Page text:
Review suggests evaluations are not as stringent as with new medications
TUESDAY, Dec. 29 (HealthDay News) -- The U.S. Food and Drug Administration may not be as stringent in evaluating devices as it is in approving drugs.
According to a report in the Dec. 23/30 issue of the Journal of the American Medical Association, approval of cardiovascular devices often sails through based on studies that are not randomized or blinded, and sometimes even on the basis of one study alone.
"While we did not expect that all studies would be or should be randomized and blinded, we were surprised that the numbers of such studies were as low as they were and that there were many devices approved on the basis of a single study," said study senior author Dr. Rita Redberg, a professor of medicine at the University of California, San Francisco.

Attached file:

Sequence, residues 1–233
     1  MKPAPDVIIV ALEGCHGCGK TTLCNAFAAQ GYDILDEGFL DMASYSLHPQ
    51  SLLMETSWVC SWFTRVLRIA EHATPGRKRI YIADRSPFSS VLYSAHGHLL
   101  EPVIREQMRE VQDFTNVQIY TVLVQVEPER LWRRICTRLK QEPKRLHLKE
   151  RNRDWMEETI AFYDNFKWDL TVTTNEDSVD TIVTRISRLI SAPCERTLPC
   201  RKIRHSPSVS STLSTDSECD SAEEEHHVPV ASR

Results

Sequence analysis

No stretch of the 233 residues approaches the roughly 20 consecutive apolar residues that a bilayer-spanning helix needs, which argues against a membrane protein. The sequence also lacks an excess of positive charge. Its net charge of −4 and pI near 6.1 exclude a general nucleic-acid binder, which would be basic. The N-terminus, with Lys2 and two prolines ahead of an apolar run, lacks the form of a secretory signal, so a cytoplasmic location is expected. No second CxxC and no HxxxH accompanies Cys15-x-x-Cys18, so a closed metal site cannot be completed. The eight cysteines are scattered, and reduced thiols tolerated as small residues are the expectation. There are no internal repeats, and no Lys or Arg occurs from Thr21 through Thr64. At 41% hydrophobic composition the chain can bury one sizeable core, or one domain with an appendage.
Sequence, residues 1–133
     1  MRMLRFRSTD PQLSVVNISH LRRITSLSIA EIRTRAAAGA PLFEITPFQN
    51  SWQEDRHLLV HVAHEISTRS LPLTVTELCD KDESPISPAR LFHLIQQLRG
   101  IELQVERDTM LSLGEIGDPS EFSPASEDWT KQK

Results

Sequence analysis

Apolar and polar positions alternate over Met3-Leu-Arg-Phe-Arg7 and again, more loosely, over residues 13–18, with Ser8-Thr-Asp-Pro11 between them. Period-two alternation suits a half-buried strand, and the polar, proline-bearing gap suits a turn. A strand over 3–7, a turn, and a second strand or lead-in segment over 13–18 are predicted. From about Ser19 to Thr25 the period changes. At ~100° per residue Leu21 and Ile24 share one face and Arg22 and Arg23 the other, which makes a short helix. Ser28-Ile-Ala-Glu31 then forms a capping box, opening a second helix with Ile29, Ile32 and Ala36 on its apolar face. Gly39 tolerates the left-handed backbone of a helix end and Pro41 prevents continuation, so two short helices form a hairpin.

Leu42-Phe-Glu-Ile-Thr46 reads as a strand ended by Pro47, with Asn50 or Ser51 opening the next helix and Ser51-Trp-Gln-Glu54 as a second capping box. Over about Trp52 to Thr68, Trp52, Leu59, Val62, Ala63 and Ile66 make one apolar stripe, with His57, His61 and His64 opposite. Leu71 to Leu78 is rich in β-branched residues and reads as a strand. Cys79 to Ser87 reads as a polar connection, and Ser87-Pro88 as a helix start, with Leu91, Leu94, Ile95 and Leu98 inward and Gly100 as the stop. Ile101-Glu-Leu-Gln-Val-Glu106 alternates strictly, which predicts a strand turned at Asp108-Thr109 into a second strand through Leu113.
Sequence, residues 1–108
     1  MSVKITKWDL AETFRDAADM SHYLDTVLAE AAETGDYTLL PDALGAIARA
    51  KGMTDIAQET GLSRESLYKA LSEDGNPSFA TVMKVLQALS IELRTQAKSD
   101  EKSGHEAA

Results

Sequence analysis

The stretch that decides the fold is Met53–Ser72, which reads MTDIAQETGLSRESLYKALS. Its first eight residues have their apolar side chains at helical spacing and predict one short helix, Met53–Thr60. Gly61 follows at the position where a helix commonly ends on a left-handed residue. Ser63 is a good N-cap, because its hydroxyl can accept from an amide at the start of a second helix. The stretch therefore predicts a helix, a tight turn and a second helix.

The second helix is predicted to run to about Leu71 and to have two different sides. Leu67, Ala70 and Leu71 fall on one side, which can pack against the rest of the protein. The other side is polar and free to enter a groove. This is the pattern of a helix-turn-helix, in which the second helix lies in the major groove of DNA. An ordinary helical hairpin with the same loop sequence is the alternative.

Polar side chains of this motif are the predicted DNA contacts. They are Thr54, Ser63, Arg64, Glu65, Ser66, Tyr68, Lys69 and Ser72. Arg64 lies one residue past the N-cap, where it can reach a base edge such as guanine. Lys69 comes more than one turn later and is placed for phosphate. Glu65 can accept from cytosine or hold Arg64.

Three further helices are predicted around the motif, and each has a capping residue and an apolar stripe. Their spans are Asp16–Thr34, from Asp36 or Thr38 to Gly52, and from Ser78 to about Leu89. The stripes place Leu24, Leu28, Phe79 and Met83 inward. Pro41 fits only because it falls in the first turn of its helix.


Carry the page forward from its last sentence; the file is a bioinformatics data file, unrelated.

Redberg is also a member of the FDA Circulatory System Devices Panel, which advises the FDA on regulatory issues pertaining to these kinds of devices.
For its part, the FDA on Tuesday issued a statement in which it said the study presented an "inaccurate picture" of the clinical trials used in the agency's heart device review process, noting that devices and drugs are not the same thing and require different processes for approval.
One outside expert agreed that the researchers' conclusions were too harsh.
"I have been through the [device approval] process often enough with the FDA to know that these types of criticism don't reflect the typical standard of FDA behavior," said Dr. Kirk Garratt, clinical director of interventional cardiovascular research at Lenox Hill Hospital in New York City.
The problem with this study, Garratt pointed out, may be that the authors tried to look at too many different types of devices, not all of which have the same impact on the patient and not all of which can be randomized or blinded.
Still, there might
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